PBS4, aka Experimental Psychology, is a compulsory module for PBS students, and there are 3 lectures and 2 two hour practical sessions each week. One of these practical’s will be experimental and related to the lecture content whilst the other will be a statistics class. You will likely have one supervision per week for this module, usually requiring you to submit either an essay or short answers for it.
The lectures introduce many aspects of psychology, giving a taste of a variety of topics. In Michaelmas you will learn about psychophysics (from a physical event to its psychological perception), attention, learning (Pavlov’s dogs and Skinner), memory and higher functions including executive functions (Phineas Gage) and consciousness. In Lent term the course moves on to the psychology of language and rationality (judgments and decision-making). This course finishes for PBS students half way through Lent term, owing to PBS students taking four modules whilst NatScis only take three. As such, whilst first term will feel exceptionally busy, pressure eases out substantially around February. Although lectures stop, it is common for supervisions to continue throughout the rest of Lent and Easter so that you keep on top of revision, and the statistics classes continue until the end of Lent term.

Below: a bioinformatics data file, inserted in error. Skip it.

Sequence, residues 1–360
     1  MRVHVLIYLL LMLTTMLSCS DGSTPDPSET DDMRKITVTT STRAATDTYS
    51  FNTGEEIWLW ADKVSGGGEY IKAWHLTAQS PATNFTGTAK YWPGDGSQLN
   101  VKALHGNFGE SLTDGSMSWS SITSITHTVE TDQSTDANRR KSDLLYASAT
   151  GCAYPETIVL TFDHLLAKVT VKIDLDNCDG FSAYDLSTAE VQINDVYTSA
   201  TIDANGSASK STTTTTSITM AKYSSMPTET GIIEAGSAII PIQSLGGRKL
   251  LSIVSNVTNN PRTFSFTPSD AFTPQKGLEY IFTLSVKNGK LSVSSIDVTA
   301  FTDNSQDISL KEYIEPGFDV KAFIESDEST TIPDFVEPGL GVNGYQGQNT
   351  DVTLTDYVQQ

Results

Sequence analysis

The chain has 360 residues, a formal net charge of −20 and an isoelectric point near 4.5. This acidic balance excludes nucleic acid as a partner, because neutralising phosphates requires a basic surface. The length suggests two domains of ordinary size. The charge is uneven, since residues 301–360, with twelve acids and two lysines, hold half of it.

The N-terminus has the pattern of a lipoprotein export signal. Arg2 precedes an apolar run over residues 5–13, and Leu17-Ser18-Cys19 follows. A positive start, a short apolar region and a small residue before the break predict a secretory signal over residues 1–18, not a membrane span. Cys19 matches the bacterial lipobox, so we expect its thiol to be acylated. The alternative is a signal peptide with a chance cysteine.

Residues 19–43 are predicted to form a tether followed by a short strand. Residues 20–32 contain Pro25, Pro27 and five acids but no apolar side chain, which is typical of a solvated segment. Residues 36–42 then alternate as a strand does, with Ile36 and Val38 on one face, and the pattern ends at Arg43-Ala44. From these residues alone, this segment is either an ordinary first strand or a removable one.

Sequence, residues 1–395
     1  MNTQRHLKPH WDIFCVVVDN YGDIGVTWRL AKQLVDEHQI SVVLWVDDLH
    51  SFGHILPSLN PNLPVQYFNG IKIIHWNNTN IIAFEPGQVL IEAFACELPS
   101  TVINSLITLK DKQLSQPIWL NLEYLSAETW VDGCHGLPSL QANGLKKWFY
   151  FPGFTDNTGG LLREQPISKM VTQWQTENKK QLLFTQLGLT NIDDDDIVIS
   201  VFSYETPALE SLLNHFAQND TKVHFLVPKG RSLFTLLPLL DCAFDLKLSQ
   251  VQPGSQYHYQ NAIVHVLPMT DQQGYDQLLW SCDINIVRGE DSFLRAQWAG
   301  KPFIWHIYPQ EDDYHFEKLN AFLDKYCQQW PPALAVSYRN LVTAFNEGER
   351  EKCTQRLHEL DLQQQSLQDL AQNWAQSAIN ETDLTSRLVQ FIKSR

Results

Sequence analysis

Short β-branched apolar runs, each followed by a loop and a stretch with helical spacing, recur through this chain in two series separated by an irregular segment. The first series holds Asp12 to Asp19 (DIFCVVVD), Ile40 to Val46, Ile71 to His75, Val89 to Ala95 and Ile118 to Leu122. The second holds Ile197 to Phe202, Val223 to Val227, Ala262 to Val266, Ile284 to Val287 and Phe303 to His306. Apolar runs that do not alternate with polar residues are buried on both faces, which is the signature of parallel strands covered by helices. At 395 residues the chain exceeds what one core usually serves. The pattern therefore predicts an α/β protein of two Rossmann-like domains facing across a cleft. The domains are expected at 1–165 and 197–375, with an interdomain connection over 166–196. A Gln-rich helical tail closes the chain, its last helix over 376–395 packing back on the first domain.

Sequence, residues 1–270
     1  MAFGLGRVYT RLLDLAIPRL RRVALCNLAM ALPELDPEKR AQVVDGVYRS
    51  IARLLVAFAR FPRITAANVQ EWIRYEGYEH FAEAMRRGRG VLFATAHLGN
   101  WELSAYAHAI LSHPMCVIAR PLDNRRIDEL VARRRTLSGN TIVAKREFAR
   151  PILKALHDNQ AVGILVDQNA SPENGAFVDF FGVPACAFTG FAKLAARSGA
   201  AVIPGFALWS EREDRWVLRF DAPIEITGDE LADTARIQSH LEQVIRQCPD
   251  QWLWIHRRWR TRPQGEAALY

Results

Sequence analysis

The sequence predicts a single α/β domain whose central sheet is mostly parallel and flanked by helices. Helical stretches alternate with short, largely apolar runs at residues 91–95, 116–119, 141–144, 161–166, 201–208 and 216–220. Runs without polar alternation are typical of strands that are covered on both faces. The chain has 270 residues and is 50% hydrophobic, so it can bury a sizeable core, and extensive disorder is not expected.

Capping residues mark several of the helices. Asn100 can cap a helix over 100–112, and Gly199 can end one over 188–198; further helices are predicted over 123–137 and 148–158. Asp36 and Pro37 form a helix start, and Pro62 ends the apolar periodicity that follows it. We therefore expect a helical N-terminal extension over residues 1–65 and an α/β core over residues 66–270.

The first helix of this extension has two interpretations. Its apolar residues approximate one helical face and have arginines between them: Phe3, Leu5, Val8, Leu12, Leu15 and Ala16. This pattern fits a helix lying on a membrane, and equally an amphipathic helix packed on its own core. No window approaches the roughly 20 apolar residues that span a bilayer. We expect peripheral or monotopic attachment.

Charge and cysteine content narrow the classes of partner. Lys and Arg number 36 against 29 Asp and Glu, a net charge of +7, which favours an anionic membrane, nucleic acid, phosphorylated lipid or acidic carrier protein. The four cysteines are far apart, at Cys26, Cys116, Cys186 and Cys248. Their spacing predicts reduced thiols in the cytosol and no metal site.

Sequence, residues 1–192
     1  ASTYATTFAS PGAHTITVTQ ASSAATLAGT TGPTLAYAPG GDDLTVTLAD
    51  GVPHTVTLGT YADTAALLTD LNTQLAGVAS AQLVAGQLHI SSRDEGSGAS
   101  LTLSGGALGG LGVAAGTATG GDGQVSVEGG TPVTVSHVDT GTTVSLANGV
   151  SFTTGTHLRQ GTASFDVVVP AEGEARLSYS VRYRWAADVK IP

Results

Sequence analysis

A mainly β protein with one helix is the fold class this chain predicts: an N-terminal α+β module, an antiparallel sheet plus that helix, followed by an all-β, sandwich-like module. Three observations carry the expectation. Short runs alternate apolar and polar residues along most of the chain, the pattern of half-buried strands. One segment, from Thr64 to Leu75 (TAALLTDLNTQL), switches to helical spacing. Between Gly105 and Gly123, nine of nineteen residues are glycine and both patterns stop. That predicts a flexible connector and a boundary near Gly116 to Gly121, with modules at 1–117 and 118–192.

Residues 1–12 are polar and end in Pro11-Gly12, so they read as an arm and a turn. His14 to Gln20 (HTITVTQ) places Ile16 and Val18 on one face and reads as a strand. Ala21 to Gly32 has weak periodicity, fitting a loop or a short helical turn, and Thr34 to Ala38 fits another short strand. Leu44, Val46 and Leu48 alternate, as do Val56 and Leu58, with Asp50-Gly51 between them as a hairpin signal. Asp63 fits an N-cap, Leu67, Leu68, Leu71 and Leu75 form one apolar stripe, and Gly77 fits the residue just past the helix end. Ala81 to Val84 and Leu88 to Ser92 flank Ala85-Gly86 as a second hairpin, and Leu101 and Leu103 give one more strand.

The practical sessions will reinforce the lecture material, and will have you in the lab carrying out a variety of experiments including some of those mentioned in the lectures. Five of the practical’s in total will be assessed, requiring you to write a lab report on what you have done during the sessions in order to avoid negative marking of 1.5% per fail (although it is very difficult to fail these, particularly as if your first attempt does not pass, you will be given the chance to make corrections and resubmit). Most write-ups will require the use of specific statistical tests which you will be taught in stats workshop practical’s.
At the end of the year you will take two exams – one paper being 2/3rds essays and 1/3rdshort answer questions, and the other practical paper requiring you to design an experiment and answer a range of statistics questions, much like PBS2.
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